Milovan Kalezić • sep 22, 2023
Trends in lending, Q2 2023
The National Bank of Serbia (NBS) publishes quarterly reports that provide detailed information about bank lending, cost of borrowing by businesses and households, and the outlook for the lending market based on credit supply and demand drivers.
Year-on-year (y-o-y), bank lending to the non-monetary sector continued to decelerate in Q2. Y-o-y growth in total loans to the non-monetary sector stood at 0.8 percent in June with corporate loans going down by 1.1 percent and household loans up by 2.7 percent. Total domestic receivables to the non-monetary sector continued decelerating in y-o-y terms to stand at 0.5 percent in June.
Lending to businesses
The y-o-y growth rate for corporate loans turned negative in Q2 after a prolonged spell of gradually decelerating increase. In June, the stock of corporate loans went down by 1.1 percent from a year earlier due to last year’s high base, maturing guarantee scheme loans, and tightening of monetary policies by both the NBS and the ECB. In nominal terms, the stock of corporate loans equalled RSD 1,584.5 bn in June and their share in GDP was 20.9 percent, down by 1.7pp from year-end 2022.
Corporate loans declined by RSD 1.3bn or 0.1 percent in Q2, with a drop in lending to public enterprises exceeding the rise in loans to companies. The maturing of guarantee scheme loans, approved mainly in dinars (over 60 percent), caused a decline in dinar loans, whilst FX-indexed corporate loans increased.
In terms of intended purpose, the sharpest decline in Q2 was recorded by non-categorised loans (RSD 9n), followed by liquidity and working capital loans (RSD 5.9bn) also reflecting the maturity of guarantee scheme loans. Investment loans went up by RSD 7.6bn, import loans by RSD 3.9bn, and current account overdrafts by RSD 2.1bn. Investment loans rose by 3.1 percent y-o-y in June, so making the greatest contribution to the y-o-y increase in corporate loans. The structure of corporate loans in June changed slightly relative to March, with investment loans increasing their share to 40.9 percent. Liquidity and working capital loans remained dominant at 47.1 percent, followed by other non-categorised and import loans, which accounted for 6.9 and 4 percent, respectively, of all corporate loans.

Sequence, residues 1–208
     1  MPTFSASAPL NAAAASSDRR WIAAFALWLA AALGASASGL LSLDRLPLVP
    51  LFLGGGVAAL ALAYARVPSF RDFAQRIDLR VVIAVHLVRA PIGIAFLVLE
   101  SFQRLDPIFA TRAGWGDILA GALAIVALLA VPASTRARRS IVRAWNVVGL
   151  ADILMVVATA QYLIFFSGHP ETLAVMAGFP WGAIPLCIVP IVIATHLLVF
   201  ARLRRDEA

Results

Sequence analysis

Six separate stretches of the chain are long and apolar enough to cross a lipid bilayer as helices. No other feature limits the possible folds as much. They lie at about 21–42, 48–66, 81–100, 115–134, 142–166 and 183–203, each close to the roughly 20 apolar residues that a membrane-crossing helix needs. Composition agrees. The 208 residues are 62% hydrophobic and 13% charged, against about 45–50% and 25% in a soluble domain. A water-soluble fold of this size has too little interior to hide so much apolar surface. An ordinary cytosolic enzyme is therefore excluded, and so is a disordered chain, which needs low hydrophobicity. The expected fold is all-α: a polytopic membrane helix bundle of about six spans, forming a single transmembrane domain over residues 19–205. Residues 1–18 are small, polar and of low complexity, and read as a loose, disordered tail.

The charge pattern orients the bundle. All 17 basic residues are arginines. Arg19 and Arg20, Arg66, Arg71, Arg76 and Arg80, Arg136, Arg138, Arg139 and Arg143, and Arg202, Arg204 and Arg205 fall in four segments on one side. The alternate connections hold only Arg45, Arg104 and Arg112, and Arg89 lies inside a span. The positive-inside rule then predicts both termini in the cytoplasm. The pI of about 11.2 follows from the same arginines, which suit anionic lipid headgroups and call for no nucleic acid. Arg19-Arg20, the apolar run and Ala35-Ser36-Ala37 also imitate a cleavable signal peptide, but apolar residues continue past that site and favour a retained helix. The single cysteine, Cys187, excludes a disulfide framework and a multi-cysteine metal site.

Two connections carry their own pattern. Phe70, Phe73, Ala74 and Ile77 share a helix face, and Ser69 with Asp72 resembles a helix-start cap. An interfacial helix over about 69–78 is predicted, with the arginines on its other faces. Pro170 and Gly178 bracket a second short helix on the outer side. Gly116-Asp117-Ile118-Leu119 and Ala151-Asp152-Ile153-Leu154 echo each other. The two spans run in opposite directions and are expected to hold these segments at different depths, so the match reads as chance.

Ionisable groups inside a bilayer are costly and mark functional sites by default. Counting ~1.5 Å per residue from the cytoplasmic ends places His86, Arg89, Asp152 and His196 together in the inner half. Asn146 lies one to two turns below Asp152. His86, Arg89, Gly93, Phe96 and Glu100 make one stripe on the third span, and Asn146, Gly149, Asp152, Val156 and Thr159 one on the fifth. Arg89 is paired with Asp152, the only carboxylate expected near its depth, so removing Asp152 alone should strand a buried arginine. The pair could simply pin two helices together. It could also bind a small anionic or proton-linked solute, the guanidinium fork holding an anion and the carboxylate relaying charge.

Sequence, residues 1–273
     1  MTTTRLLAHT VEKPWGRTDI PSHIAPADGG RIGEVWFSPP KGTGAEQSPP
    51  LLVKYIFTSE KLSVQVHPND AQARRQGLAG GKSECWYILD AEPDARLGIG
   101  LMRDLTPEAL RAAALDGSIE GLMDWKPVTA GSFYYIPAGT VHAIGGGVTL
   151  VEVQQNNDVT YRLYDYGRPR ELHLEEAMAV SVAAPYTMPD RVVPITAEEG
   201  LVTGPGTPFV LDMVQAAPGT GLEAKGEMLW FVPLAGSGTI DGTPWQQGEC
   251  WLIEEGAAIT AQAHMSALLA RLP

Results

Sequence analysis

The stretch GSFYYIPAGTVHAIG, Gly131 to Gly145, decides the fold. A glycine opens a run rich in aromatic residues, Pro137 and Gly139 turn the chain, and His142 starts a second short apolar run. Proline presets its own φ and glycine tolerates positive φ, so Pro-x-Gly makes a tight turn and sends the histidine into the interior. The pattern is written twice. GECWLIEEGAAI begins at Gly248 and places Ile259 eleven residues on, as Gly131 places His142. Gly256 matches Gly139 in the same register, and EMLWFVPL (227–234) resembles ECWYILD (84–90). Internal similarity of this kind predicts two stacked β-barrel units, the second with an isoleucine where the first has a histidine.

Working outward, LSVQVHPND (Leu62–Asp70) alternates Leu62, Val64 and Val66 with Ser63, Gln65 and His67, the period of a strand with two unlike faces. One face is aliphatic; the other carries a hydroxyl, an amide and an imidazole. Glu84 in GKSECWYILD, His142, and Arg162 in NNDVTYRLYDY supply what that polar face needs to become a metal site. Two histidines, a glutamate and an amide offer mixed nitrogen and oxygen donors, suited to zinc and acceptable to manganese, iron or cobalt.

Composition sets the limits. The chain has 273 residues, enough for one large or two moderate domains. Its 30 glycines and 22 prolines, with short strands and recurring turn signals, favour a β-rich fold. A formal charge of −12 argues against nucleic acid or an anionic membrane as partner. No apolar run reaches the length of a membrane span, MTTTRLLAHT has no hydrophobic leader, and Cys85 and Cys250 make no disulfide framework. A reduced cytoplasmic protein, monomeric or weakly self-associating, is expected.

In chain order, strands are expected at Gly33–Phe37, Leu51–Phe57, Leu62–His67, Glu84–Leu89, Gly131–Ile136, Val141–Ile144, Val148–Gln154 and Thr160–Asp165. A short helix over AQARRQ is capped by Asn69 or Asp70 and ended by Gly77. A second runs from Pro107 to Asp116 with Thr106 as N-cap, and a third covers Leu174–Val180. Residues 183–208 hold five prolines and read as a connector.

In Q2, borrowing by manufacturing and energy firms registered the greatest decline, followed by a somewhat lesser reduction for agriculture. Conversely, lending to construction sector corporates and real estate businesses saw the largest growth, followed by corporates in the trade, accommodation and transport sectors. Loans granted to micro, small and medium-sized enterprises accounted for three-fifths of total corporate loans in June and their stock was 2.9 percent lower than a year earlier.
The volume of new corporate loans in Q2 equalled RSD 277.8bn, down 5.8 percent y-o-y as a reflection of tightened financial conditions in the previous period which was necessary to restrain the inflationary pressures. In Q2 as well, the corporate sector predominantly used liquidity and working capital loans (63.8 percent), and slightly over one-half of these loans were channelled to micro, small and medium-sized enterprises. Investment loans accounted for 20.3 percent of new corporate loans in Q2 and 75.6 percent of these loans went to micro, small and medium-sized enterprises.
The degree of dinarisation of corporate receivables declined in Q2 by 1.1pp, to 17 percent in June, whilst FX-indexed receivables continued growing. The share of euro-indexed receivables and euro receivables increased by 1.1pp to 82.8 percent in June, whilst the share of USD receivables was unchanged from the beginning of the year at 0.2 percent.
In June, the share of NPLs in total corporate loans stood at 2.2 percent, or 2.6 percent if borrowing by companies is included. The share of NPLs in June ranged between 0.3 percent for firms in the energy industry and 4.4 percent for agriculture, whilst the real estate sector recorded a new low (at 2.2 percent). Relative to July 2015, immediately before the NPL Resolution Strategy first went into effect, the share of NPLs in total corporate loans went down by 22.7pp, with the most prominent decrease recorded in construction, real estate, and trade.